Senator Warren: Because of?
Acting Comptroller Hsu: Because of the merger.
Senator Warren: No, it's “whether the proposed transaction would result in a material increase in risks to financial system stability due to an increase in size of the combining institutions.” It troubles me that you don't remember this. How do we know if a purchasing bank poses more or less risk to the banking system? One metric that regulators use is the G-SIB score, which estimates the impact on our financial system of the failure of each of our largest banks. The size of the bank is a big factor in its G-SIB score. So let's look at the G-SIB scores and figure out if JPMorgan, according to the OCC's own analysis, presented more risk to the banking system than the other bidders who have been widely reported in the press.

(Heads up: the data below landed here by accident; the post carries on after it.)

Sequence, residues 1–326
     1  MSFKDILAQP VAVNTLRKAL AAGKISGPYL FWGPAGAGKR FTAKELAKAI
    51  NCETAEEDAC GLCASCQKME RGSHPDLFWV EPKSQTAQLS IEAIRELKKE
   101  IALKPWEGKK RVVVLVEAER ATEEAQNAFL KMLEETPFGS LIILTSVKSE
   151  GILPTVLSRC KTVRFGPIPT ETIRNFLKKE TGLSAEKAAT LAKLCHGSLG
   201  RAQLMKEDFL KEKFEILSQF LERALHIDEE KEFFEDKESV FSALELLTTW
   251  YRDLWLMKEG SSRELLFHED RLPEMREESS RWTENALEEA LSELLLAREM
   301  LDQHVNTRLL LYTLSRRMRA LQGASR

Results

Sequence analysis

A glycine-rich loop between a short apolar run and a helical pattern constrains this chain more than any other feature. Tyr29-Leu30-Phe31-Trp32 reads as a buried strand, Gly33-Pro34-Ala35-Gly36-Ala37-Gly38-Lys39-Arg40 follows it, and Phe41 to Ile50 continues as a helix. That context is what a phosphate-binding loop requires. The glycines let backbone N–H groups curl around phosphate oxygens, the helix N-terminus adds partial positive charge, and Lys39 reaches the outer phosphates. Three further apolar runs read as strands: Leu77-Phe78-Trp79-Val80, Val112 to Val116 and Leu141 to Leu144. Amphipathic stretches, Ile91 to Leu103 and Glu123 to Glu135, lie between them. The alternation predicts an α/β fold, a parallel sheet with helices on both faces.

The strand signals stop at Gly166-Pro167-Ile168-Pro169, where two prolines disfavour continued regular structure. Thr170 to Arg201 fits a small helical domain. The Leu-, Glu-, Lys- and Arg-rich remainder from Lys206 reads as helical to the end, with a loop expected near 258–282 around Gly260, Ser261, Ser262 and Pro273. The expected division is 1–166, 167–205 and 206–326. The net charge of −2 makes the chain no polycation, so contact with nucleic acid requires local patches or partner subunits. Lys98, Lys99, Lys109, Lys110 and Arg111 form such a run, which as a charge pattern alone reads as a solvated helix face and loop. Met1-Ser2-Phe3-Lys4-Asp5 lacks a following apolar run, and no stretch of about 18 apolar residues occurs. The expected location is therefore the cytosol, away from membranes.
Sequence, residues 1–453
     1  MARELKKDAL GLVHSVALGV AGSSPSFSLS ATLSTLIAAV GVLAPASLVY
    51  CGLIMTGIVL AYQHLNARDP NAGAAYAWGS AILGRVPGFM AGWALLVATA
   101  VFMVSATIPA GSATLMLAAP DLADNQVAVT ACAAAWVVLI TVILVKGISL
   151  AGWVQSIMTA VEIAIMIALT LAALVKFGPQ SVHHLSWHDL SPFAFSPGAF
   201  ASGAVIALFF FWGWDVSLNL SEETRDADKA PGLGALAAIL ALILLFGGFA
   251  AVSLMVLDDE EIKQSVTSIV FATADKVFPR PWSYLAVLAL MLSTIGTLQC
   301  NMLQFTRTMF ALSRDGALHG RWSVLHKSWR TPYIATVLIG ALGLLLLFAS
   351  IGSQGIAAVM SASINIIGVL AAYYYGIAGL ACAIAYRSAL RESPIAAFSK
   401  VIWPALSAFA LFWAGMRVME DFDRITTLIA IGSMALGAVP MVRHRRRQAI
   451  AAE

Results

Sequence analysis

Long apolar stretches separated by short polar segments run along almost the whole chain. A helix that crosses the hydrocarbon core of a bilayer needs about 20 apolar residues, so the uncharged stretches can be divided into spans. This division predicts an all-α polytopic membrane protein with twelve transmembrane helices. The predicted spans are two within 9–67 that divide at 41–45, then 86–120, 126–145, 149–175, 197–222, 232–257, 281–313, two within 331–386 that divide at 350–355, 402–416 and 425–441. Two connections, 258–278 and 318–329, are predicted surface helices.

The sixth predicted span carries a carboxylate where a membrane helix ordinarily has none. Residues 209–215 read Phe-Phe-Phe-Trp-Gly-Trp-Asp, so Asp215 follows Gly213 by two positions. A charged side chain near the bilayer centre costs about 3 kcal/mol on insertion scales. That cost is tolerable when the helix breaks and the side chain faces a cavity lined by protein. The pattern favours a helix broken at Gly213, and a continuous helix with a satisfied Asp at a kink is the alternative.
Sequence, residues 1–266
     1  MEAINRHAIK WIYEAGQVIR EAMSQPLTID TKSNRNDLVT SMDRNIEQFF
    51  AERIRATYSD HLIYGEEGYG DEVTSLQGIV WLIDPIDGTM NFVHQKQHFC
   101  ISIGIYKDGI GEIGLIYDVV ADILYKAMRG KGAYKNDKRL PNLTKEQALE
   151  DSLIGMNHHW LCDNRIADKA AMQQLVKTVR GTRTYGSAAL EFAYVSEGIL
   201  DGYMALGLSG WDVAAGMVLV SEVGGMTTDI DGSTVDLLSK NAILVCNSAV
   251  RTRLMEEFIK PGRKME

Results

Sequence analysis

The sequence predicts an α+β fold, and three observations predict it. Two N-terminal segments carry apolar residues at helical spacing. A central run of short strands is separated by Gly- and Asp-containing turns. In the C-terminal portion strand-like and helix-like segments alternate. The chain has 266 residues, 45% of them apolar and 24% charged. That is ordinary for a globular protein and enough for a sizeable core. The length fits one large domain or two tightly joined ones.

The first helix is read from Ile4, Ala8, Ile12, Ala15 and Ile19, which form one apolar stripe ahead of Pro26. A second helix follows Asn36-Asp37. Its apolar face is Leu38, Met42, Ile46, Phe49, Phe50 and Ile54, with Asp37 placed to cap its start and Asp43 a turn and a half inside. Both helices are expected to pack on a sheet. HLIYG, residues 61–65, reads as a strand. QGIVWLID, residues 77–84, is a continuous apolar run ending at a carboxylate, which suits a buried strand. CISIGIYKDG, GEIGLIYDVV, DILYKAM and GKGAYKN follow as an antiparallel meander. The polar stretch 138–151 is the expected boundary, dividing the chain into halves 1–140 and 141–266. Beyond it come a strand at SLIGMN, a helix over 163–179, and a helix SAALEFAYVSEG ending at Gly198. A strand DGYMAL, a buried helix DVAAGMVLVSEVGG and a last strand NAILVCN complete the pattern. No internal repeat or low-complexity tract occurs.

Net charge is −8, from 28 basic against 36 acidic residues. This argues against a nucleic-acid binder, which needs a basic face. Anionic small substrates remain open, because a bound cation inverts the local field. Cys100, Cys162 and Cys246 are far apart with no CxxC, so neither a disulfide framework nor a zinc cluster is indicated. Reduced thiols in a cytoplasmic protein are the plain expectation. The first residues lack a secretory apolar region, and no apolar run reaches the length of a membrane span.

PNC tried to buy the failing bank, but you approved JPMorgan instead. Acting Comptroller Hsu, is the G-SIB score for JPMorgan bigger than the equivalent score for PNC?
Acting Comptroller Hsu: It is.
Senator Warren: How much bigger?
Acting Comptroller Hsu: I don't know the exact magnitude of it off the top of my head.
Senator Warren: Do you want to make a guess?
Acting Comptroller Hsu: It's bigger.
Senator Warren: Eight times bigger. Does that sound right? Yeah.
Let's look at another bidder: Citizens Bank. Is JPMorgan's G-SIB score—that's the score that shows risk to the banking system—bigger than the score for Citizens bank?
Acting Comptroller Hsu: It is.
Senator Warren: How much bigger?
Acting Comptroller Hsu: Significantly bigger.
Senator Warren: Fourteen times bigger?
Acting Comptroller Hsu: Perhaps. I don't have the exact scores in front of me.
Senator Warren: Acting Comptroller Hsu, your job, BY LAW, is to determine risk to the system from making big banks even bigger, and you have a clear metric for doing that—the G-SIB scores. So how do you explain approving a sale to a banking giant that increases the risk to the banking system by somewhere between nearly 800% and 1,400% more than selling to other bidders? Did you just ignore the fact that a failure at JPMorgan would blow a hole in our banking system that would be eight times more than the destruction to the financial system and let them grow by $200B?